Following World War II, a retired professor approaching his autumn years finds his quality of life drastically reduced in war-torn Tokyo. Denying despair, he pursues writing and celebrates his birthday with his adoring students.
Two sisters, one a dancer and the other a script supervisor at a big movie studio, become embroiled in union activities when a strike is called in sympathy with striking railroad workers, ... See full summary »
Ine Onoda, the eldest daughter of a poor family of farmers, raises a colt from birth and comes to love the horse dearly. When the horse is grown, the government orders it auctioned and sold... See full summary »
This film tells the story of professor Uehida Hyakken-sama (1889-1971), in Gotemba, around the forties. He was a university professor until an air raid, when he left to become a writer and has to live in a hut. His mood has hardly changed, not by the change nor by time. Every year his students celebrate his birthday, issuing the question "Mahda kai?" (not yet?), just to hear Uehida-san's answer "Madada yo!" (No, not yet!), in a ritual of self affirmation, and desires of lasting forever. It's a very "japanese" film who portrays everyday life and customs in Japan. Written by
Jaime Moraga <email@example.com>
Tatsuo Matsumura was 79 years old when he played the Professor, portraying the professor between the ages of 58 and 77. Matsumura was older than his character throughout the movie, almost twenty years older than the Professor he portrayed for most of the picture. See more »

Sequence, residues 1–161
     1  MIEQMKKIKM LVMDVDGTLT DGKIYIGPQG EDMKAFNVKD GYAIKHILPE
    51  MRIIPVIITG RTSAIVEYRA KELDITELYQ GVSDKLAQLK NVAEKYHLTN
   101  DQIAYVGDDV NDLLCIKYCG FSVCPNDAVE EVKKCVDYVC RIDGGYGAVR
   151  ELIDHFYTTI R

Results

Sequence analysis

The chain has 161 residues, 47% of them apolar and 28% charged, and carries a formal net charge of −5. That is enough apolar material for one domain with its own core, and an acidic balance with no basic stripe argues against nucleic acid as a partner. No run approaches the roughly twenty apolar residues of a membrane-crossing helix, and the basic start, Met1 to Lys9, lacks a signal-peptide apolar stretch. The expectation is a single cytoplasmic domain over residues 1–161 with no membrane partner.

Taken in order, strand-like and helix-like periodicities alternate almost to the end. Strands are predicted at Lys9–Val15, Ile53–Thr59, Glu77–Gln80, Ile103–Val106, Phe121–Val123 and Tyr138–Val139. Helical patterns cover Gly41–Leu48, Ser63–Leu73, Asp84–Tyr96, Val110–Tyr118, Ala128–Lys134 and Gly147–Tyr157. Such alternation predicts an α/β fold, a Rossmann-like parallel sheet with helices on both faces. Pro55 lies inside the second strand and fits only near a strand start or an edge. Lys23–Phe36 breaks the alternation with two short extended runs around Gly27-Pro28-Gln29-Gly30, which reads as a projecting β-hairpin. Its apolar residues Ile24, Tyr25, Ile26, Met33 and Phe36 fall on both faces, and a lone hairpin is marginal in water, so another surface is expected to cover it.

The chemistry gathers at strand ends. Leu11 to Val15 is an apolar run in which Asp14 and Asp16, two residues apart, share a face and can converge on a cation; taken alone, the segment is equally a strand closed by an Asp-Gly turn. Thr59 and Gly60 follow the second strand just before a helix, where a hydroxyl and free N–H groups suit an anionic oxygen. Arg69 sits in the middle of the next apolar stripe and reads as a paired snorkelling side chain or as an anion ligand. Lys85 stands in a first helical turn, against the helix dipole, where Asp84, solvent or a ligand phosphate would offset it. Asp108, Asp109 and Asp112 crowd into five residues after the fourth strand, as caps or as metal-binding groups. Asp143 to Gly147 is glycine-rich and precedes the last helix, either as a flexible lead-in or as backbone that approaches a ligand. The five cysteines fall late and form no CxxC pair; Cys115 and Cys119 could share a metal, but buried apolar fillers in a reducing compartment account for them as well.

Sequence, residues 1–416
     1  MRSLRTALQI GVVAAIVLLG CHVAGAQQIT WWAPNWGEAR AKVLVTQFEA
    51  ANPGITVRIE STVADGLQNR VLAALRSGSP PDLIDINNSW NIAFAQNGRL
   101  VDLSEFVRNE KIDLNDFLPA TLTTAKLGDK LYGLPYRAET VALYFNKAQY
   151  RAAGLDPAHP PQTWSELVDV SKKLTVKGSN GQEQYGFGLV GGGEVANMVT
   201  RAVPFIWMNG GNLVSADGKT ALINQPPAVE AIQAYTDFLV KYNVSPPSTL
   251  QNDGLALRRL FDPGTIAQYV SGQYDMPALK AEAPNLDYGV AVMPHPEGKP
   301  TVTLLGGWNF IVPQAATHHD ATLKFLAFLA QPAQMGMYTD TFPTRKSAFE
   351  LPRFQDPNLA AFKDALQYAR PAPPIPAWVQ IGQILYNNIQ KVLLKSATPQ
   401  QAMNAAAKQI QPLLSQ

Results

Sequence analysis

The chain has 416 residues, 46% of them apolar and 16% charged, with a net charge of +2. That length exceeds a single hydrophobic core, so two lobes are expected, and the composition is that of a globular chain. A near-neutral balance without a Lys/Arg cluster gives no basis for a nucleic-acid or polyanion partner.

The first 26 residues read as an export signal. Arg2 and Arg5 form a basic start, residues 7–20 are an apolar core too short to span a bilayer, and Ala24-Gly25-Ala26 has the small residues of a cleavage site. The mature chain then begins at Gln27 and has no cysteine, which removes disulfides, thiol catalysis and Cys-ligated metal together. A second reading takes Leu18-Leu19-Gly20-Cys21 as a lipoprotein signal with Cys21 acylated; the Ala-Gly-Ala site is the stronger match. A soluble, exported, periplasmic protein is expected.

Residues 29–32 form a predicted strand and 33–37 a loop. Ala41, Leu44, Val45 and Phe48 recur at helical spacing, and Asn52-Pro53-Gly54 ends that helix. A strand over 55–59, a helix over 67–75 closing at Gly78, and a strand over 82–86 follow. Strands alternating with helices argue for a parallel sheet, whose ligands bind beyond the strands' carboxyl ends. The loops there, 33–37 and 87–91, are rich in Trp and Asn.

The story depicts Professor Hyakken's 60th birthday toward the end of World War II (1943-1945). But he was born in 1889; thus, he turned 60 years old in 1949. See more »
i'd put off watching Madadayo because i'd had apprehensions about a "modern day" kurosawa piece (even though it spans from 1943 to 1960), and i wish i hadn't. it was a beautiful, -beautiful- film and one definitely worth seeing.
the premise is simple -- it follows the life and relationship between a professor and his former students -- but the film itself is anything but. it's especially touching, knowing that it was kurosawa's ultimate work. despite the epic period masterpieces that were his hallmark, i can think of no better film to serve as kurosawa's last than this simple, elegant, sublime piece.
don't make the same mistake i did. don't put off seeing this movie. whether you're a fan of his work or not, you're guaranteed to enjoy it. it's the kind of films that transcend genres and leaves you touched, whether you were looking for it or not.
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